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India, US closer on climate change

IANS
Nov 24, 2009 at 10:26am IST

Washington: A day before Prime Minister Manmohan Singh holds talks with US President Barack Obama, India and the US are inching closer in their approach towards international climate negotiations at Copenhagen that could lead to a deal on the transfer of green technologies on Tuesday.

Climate negotiators from India and the US have been working hard to bridge differences in approach that has opened up the possibilities for a green technology deal during the summit talks between the two leaders.

A memorandum of understanding on expanding collaboration in the area of renewable and green energy is expected to be signed.

US-INDIA MEET: PM Manmohan Singh is in the US for a four-day state visit.

There is enormous scope for collaboration on green technology and in interlinked areas like energy-efficient green buildings and renewable sources of energy, including like solar and wind and bio mass.

A number of collaborative projects are likely to be announced soon, said official sources.

The prospects for greater convergence between India and the US brightened as Manmohan Singh arrived on a sunny afternoon in Washington on Sunday as the first state guest of the Obama White House. Prime Minister's Special Envoy on Climate Change Shyam Saran is accompanying Manmohan Singh on this important trip where climate change would be high on the agenda.

The new strategy involved India linking up climate change talks with its access to nuclear energy. This new approach is reflected in the determination of the Obama administration to wrap up a crucial pact for reprocessing spent fuel by the time the US President sits down for talks with his Indian guest.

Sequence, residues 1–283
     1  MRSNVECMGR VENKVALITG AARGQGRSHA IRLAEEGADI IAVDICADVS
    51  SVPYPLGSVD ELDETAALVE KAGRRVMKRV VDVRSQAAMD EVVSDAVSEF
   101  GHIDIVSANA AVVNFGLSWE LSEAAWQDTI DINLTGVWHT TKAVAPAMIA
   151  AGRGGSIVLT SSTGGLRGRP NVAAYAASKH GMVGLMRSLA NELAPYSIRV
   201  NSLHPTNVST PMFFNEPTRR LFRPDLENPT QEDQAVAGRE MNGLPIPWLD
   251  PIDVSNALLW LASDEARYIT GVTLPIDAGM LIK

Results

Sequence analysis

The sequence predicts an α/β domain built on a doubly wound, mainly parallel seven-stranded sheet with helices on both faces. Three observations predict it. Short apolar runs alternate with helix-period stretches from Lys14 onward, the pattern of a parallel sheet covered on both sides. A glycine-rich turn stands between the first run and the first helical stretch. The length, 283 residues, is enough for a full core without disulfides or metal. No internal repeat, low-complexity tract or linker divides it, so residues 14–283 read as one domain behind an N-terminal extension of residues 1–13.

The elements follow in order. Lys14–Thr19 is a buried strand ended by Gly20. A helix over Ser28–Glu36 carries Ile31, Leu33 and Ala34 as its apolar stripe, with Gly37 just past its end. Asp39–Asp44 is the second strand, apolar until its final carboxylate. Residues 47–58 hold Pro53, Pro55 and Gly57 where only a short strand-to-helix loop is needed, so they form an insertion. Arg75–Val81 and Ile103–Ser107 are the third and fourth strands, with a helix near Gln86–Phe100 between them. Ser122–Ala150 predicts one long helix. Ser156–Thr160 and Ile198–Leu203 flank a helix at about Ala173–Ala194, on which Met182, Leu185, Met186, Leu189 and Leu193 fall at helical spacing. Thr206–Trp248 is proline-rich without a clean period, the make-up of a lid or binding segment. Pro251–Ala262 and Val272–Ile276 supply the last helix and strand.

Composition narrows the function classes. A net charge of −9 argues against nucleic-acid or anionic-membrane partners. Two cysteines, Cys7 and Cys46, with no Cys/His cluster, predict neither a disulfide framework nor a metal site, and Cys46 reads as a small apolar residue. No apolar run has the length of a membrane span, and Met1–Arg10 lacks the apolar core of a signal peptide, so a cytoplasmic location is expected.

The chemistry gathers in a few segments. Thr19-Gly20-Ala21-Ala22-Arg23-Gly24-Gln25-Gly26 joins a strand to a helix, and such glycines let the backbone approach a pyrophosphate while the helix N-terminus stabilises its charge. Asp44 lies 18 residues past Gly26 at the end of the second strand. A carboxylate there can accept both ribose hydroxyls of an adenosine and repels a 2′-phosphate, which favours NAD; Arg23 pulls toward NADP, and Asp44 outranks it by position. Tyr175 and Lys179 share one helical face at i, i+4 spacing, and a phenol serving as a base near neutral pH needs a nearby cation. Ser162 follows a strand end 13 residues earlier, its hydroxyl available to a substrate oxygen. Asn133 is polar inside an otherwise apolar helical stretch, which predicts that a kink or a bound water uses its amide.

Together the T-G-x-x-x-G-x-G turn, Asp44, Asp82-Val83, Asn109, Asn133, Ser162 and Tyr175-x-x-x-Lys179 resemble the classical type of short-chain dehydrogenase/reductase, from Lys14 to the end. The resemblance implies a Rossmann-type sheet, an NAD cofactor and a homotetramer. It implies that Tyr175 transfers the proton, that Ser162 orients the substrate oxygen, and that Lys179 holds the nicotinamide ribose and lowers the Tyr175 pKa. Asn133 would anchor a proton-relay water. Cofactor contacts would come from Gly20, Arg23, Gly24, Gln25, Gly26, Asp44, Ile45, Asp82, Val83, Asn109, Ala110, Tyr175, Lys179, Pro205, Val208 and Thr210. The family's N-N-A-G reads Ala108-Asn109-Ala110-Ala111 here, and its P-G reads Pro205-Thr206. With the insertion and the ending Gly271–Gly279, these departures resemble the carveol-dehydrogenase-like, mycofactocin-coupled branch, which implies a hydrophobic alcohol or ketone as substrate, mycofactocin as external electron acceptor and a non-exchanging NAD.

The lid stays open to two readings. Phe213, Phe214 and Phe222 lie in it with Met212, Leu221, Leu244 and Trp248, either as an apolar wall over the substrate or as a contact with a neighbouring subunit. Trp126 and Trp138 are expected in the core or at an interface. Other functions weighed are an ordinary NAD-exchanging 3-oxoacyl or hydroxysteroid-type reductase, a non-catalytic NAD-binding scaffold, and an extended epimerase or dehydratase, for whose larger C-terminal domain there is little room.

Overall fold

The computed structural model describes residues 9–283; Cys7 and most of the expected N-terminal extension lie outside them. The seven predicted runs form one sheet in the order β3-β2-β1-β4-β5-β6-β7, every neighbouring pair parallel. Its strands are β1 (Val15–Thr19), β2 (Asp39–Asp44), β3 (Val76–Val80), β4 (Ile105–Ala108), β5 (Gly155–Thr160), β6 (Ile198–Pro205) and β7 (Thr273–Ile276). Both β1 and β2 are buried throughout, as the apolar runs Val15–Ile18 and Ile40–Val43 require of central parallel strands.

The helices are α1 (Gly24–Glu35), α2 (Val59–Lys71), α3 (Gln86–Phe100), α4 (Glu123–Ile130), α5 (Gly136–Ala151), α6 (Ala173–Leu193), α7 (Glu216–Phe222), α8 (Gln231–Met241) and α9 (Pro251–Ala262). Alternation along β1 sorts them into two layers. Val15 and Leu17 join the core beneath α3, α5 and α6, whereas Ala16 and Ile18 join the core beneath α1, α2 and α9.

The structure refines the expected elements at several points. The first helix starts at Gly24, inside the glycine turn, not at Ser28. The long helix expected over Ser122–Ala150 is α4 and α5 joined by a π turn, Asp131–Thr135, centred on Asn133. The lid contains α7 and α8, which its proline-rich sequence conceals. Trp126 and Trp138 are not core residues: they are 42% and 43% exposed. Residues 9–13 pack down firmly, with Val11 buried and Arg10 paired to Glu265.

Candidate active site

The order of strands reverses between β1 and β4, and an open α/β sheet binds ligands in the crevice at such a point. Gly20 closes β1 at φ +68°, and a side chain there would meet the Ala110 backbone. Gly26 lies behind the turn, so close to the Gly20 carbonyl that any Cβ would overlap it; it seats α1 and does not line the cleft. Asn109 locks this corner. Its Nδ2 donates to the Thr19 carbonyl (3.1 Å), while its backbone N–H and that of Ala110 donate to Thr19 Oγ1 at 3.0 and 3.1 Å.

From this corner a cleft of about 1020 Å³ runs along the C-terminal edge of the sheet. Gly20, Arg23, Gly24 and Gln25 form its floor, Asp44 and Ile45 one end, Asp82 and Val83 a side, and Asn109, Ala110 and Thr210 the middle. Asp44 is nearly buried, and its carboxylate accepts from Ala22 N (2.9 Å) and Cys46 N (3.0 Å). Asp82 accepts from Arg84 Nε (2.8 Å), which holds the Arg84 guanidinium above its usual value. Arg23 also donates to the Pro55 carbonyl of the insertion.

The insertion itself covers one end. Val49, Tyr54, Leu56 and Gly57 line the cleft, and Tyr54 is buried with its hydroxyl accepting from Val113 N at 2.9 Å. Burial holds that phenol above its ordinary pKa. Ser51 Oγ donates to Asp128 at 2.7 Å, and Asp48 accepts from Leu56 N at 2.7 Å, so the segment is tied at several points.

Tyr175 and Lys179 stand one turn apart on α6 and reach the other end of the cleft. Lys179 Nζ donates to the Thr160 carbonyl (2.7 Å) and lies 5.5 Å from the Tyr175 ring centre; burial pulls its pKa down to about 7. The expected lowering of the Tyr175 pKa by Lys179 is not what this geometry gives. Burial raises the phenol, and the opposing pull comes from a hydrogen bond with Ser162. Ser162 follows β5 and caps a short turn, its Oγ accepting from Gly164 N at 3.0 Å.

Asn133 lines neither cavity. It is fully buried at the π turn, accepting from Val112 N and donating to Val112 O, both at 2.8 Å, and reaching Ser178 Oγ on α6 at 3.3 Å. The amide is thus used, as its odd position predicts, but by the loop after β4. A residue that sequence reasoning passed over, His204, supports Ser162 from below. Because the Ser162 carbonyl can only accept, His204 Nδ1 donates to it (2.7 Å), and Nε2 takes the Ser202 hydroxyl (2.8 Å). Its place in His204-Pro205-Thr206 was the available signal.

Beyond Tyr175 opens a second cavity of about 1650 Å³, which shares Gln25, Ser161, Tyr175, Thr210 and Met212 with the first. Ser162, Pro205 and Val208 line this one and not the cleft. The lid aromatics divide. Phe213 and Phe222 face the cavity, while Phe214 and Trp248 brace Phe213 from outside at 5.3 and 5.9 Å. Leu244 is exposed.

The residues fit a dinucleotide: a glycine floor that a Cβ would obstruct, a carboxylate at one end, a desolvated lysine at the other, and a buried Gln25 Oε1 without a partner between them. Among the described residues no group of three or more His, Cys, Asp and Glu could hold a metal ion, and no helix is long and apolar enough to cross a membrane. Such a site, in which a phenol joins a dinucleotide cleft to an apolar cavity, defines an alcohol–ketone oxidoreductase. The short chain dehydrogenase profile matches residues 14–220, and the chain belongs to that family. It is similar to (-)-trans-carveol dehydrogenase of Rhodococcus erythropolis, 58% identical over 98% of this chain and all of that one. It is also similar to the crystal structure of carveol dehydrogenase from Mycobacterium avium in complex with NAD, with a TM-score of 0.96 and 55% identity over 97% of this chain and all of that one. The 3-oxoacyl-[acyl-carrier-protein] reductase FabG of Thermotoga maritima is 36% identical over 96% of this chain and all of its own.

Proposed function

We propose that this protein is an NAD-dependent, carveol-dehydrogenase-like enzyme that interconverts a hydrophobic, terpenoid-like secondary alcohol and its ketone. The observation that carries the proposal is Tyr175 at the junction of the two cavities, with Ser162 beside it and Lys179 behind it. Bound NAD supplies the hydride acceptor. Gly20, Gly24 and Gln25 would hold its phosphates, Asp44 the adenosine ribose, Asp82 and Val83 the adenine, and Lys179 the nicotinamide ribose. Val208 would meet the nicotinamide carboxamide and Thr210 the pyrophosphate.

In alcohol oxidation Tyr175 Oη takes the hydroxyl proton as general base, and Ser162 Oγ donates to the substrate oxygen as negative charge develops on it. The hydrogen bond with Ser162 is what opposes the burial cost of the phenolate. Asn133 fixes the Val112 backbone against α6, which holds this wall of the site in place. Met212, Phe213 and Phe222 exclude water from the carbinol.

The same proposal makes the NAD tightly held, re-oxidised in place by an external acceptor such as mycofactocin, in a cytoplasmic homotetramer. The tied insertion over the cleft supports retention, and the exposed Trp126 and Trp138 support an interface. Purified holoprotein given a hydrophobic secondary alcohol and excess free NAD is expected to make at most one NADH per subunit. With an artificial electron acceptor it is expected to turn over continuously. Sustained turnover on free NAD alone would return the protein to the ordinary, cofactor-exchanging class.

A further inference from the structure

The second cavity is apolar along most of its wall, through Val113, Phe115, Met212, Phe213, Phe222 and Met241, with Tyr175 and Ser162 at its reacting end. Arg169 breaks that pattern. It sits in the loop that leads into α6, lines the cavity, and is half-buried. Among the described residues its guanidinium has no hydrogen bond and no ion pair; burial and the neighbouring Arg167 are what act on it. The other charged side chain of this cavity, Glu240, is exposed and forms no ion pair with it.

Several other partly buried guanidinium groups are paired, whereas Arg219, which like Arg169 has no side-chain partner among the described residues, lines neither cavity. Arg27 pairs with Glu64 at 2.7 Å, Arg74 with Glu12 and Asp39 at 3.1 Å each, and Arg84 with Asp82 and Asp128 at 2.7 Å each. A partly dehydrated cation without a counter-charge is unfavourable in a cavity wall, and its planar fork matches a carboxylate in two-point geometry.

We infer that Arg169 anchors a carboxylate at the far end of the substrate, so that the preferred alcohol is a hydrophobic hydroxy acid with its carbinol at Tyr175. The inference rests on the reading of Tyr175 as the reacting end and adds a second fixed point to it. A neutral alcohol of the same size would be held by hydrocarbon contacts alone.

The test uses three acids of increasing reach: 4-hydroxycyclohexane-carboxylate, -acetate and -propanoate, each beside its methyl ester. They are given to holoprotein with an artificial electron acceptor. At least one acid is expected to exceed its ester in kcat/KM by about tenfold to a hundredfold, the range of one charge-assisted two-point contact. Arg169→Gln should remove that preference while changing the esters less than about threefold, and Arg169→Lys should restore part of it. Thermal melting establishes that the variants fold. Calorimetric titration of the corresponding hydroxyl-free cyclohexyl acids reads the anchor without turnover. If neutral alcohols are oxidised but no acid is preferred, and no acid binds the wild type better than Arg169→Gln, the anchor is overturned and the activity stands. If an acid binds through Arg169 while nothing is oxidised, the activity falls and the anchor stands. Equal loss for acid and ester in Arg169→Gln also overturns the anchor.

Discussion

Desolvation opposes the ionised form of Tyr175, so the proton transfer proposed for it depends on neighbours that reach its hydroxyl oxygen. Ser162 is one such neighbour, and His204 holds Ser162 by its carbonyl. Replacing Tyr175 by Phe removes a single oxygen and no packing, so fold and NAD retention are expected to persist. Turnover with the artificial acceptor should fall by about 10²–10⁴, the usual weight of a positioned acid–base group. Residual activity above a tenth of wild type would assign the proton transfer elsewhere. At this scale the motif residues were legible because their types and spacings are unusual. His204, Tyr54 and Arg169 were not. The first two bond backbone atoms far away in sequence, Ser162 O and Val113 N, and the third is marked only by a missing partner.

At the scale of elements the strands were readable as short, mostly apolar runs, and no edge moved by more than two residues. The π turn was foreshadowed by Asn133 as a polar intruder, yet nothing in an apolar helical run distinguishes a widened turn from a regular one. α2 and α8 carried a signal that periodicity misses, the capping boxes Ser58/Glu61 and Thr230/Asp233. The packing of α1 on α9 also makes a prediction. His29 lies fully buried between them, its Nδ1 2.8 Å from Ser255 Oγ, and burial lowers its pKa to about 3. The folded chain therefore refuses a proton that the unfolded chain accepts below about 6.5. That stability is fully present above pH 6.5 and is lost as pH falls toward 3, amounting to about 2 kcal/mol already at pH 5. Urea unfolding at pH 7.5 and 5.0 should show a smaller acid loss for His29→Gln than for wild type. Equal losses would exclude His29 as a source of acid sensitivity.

Increasingly, there is a convergence of approach, specially on the links between climate change and energy security, said reliable sources.

The two sides now agree on spurring a strategic shift from carbon-based fossil fuels to renewable sources of energy, said the sources on usual condition of anonymity associated with disclosure of such sensitive discussion issues. This is the basis on which India and the US can continue dialogue, the sources added.

With the US pressing India for accepting some form of limitations on its carbon emissions, India has reached a mid-way compromise by agreeing to declare its climate mitigation actions in a national communication to the United Nations Framework Convention on Climate Change (UNFCC).

This would be an important concession by India without compromising on its oft-repeated position of the differential responsibilities of developed and developing countries over carbon reduction targets.

India has consistently maintained it wants developed countries to take deeper cuts and refused to accept any reduction target on grounds that such targets would affect prospects of economic growth in developing countries.

With weeks to go before the 11-day Copenhagen conference and the receding possibilities of a legally binding international deal to replace the Kyoto protocol, Indian negotiators have made it clear that the template for Copenhagen negotiations should be the UNFCC that recognizes the differential responsibilities of developed and developing countries over carbon emissions.

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